All Financial Instruments are shown at their repricing period which is equivalent to the remaining term to maturity. (In 1999 approximately $1.8 billion holdings of domestic government securities which appear in the 0 to 3 months category, had a maturity period of 1–5 years.)

Interest rate futures reflect the positions in interest rate contracts traded in foreign futures exchanges to manage interest rate risk on Official Reserve Assets.

Credit risk

Credit risk in relation to a financial instrument is the risk that a customer, bank or other counterparty will not meet its obligations (or be permitted to meet them) in accordance with agreed terms.

The RBA's maximum exposure to credit risk in relation to each class of recognised financial assets, other than derivatives (off-balance sheet items) is the carrying amount of those assets as indicated in the balance sheet. The RBA's exposures are all to highly rated counterparties and its credit risk is very low.

As part of an IMF support package during 1997/98, 1998/99 and 1999/2000 the RBA undertook a series of foreign currency swaps with the Bank of Thailand. The RBA provided United States dollars, receiving Thai baht in exchange. The amount outstanding on the swaps at 30 June 2000 was the equivalent of $1.4 billion Australian dollars ($1.3 billion at 30 June 1999), on which the RBA is earning a yield of 6.15% (4.82% in 1999). The swaps represent 2.6% of the RBA's total assets as at 30 June 2000 (2.6% at 30 June 1999).

The RBA's maximum credit risk exposure in relation to off-balance sheet items is:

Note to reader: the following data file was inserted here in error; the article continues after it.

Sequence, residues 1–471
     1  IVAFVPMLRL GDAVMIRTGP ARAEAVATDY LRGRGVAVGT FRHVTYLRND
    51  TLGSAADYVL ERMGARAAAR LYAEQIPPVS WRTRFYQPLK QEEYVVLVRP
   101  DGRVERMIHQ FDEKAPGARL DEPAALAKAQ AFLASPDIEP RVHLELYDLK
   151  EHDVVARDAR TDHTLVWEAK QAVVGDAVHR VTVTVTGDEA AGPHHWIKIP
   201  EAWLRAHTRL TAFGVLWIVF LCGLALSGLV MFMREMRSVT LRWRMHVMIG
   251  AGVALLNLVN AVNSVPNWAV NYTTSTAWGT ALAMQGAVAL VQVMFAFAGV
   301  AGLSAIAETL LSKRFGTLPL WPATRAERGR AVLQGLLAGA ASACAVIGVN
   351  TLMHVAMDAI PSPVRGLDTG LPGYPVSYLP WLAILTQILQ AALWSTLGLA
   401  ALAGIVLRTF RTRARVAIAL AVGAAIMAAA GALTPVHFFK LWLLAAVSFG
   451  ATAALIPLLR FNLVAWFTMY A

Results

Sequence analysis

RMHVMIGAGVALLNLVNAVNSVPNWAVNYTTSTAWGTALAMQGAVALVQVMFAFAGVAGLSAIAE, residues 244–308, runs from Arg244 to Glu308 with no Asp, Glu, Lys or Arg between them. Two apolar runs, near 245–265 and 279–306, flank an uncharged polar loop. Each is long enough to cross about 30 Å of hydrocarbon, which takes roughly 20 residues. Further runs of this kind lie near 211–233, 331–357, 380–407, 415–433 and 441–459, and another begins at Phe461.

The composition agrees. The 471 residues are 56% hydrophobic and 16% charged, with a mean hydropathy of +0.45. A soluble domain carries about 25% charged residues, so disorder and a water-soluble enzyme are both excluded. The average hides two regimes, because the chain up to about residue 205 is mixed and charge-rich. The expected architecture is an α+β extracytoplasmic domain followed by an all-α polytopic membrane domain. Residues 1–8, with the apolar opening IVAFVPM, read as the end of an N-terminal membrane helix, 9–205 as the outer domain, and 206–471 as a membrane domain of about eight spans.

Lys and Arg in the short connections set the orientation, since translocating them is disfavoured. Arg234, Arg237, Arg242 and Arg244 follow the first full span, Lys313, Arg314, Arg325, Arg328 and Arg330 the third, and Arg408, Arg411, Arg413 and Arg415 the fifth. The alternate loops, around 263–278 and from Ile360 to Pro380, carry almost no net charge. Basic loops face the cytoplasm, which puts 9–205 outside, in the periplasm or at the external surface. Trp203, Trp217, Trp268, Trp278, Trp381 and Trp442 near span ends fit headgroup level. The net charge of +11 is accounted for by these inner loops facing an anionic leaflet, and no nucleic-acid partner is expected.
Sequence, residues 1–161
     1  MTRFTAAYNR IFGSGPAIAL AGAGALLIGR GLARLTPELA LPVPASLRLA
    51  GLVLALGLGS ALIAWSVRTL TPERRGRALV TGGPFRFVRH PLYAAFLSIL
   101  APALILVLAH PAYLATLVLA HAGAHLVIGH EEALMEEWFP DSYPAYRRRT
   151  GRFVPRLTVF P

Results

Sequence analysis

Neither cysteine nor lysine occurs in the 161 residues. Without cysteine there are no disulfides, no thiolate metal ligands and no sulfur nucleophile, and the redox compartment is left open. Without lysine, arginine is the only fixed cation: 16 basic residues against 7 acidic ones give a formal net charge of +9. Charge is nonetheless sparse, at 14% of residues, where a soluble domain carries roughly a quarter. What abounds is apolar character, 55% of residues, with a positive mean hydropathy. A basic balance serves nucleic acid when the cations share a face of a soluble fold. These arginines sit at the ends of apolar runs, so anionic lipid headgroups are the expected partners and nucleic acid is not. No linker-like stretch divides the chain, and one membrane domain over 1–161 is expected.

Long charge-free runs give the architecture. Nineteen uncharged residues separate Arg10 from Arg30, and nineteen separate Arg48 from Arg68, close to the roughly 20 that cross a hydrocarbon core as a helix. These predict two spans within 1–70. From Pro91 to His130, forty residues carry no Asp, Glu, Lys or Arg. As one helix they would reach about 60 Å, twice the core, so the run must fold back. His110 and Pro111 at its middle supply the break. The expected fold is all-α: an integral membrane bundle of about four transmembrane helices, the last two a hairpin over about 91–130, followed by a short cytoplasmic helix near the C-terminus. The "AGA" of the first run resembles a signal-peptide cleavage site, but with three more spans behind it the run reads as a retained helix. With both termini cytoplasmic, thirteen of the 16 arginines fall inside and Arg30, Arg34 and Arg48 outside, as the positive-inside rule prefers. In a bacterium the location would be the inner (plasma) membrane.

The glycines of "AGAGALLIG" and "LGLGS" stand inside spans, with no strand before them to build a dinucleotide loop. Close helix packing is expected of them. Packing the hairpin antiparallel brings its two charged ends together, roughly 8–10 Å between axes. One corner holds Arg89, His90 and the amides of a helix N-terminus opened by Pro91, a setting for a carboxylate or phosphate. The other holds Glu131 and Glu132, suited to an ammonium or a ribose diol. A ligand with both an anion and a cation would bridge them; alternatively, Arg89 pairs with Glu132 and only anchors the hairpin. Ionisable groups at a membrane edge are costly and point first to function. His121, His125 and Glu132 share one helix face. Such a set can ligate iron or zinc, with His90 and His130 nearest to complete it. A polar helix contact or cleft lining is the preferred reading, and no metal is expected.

1. Foreign exchange swaps – As at 30 June 2000 the RBA was under contract to purchase $10.1 billion of foreign currency and sell $27.5 billion of foreign currency. As of that date there was an unrealised net gain of $279.0 million on these swap positions. The credit risk exposure of these contracts is the cost of re-establishing the contract in the market in the event of the failure of the counterparty to fulfil their obligations.
  2. Interest rate futures – As at 30 June 2000 about 0.49% of the RBA's foreign currency reserves (excluding gold) were hedged through interest rate futures contracts. The amount of credit risk on these contracts is approximately $2.5 million ($0.1 million at 30 June 1999). As at 30 June 2000 there was an unrealised loss on those contracts of $0.2 million ($0.2 million at 30 June 1999).

Concentration of credit risk

The RBA operates to minimise its credit risk exposure through comprehensive risk management policy guidelines. The following table indicates the concentration of credit risk in the RBA's investment portfolio. See Note 1(c) Foreign exchange.

Credit Risk
Security type Risk rating of security issuer* Risk rating of counterparties* % of total asset portfolio as at 30/6/00 % of total asset portfolio as at 30/6/99
Domestic government securities
Holdings of Commonwealth Government securities AAA n/a 12.4 18.9
Securities sold under repurchase agreements AAA AA 0.0 1.4
Securities held under repurchase agreements AAA AA 24.4 19.0
AAA other 1.5 1.5
AA AA 2.7 3.3
AA other 0.2 0.1
Foreign investments
Holdings of securities AAA n/a 11.3 21.4
AA n/a 11.9 0.0
Securities sold under repurchase agreements AAA AA 5.4 4.6
AAA other 1.9 2.3
Securities held under repurchase agreements AAA AA 6.8 11.2
AAA other 3.9 3.8
Deposits n/a AAA 7.3 1.4
n/a AA 3.1 4.0
n/a other 2.7 2.9
Gold loans n/a AAA 0.3 0.2
n/a AA 1.4 1.3
n/a other 0.5 0.6
Other     2.3 2.1
    100% 100%
*Standard & Poor's equivalent ratings